Speaker of the House John Boehner said this morning that he has a "cordial" relationship with President Obama, but that the men come from "two different planets."
"We have a good relationship," Boehner told a small group of reporters over breakfast. "We just come from two different planets." He added: "We speak a different language."
Boehner said he hasn't even had a conversation with the president since December 23. Despite that, he says a top priority this year is to find a way to work with President Obama on creating jobs and reducing unemployment.
"While we have big differences in terms of the kind of policies that are good for the country, our job is to find common ground for the American people," Boehner said.
But not only does Boehner rarely speak with the president, there is little trust between them. Describing his ill-fated talks last year with President Obama over a deficit-reduction deal, Boehner said, "It was like negotiating with someone who has never negotiated with anyone before."
Boehner would not weigh in on the battle between Newt Gingrich and Mitt Romney, but he said he didn't not see any issue arising out of the 14 percent tax rate paid by Mitt Romney, noting that he paid everything he was required to pay and that President Obama's tax return would also reflect different rates of taxation for income and capital gains.
As ABC News' Jake Tapper reported earlier, Boehner said, "General Electric is more the face of a broken tax system." General Electric paid no corporate income tax last year.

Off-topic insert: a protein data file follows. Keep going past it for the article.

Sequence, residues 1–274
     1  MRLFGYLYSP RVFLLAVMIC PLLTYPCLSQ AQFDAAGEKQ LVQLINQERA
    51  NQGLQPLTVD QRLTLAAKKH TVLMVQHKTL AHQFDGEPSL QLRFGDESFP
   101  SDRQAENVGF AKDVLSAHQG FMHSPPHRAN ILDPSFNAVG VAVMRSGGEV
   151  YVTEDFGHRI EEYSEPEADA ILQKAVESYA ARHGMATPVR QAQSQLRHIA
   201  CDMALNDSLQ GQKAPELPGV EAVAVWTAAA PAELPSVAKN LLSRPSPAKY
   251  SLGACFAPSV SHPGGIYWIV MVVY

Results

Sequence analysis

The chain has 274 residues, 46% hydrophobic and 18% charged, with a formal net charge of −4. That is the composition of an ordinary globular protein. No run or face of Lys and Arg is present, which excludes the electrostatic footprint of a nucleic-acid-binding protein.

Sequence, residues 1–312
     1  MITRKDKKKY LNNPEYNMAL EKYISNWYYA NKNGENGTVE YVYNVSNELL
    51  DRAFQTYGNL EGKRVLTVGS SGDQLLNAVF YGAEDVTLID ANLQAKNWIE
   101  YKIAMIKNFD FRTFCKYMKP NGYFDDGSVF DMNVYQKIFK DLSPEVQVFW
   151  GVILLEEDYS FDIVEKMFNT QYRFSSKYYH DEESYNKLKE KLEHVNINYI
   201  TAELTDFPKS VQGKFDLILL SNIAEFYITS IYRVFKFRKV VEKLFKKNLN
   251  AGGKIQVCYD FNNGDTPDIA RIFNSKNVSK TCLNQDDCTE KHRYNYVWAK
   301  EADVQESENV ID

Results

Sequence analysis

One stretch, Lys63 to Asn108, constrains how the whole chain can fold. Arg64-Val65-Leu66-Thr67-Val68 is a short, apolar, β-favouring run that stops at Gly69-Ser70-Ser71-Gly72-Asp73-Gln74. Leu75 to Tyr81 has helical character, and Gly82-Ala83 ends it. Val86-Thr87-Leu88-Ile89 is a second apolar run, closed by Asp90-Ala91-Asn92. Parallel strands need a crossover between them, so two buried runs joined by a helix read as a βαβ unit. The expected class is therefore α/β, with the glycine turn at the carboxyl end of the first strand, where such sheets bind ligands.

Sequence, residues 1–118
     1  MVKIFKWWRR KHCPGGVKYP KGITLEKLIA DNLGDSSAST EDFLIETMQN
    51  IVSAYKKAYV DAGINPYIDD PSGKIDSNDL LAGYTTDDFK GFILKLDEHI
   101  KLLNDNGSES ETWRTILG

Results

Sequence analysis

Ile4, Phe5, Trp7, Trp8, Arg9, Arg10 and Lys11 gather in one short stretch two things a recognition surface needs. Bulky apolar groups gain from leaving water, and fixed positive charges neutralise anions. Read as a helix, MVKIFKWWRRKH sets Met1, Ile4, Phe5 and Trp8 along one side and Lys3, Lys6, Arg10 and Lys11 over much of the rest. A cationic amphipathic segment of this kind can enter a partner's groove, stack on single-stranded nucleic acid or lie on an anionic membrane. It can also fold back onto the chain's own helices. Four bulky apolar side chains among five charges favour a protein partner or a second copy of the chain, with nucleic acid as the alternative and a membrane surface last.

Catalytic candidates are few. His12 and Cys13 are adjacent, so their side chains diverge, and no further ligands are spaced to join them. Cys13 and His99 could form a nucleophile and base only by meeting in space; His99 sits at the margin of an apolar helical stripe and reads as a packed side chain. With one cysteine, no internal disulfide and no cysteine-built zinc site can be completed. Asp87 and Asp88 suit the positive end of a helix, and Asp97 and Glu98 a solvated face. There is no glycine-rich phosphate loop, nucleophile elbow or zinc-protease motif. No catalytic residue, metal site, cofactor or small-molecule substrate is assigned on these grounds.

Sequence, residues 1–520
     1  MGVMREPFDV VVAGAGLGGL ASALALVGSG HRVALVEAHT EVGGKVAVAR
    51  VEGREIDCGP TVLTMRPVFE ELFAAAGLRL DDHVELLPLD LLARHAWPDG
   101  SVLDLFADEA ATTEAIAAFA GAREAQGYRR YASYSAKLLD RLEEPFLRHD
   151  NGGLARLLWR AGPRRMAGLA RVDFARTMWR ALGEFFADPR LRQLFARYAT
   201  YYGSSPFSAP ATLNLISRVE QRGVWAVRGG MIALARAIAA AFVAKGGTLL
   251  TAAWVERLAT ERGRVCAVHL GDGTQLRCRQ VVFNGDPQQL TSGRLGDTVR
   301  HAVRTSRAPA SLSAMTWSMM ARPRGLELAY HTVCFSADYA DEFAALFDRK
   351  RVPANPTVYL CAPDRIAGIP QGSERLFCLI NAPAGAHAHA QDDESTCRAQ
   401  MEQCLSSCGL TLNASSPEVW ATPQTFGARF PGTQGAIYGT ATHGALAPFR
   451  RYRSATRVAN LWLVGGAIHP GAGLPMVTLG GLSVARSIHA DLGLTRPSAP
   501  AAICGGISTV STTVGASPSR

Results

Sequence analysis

Boehner also had tough words for Democrats, saying they are "running on the politics of division and envy. To me, it is almost un-American." He added: "John Kennedy said a rising tide lifts all boats."
Regarding his often unruly Republican caucus, Boehner said he has reminded them that compromise is sometimes necessary.
"When they push for too much and vote no, they actually get less than if they had voted yes," Boehner said, adding, "Voting with Nancy Pelosi is never a good idea."
As for tonight's state of the union address, Boehner said he has reminded all members of one rule: NO SAVING SEATS. In the past, some members have tried to leave coats or tape their names on the seats along the aisle so they can get a moment on national television as the president comes in the chamber. The only way to save a seat, Boehner said, is to be there in person - and only after the Capitol Police do their security sweep at 5:30 p.m.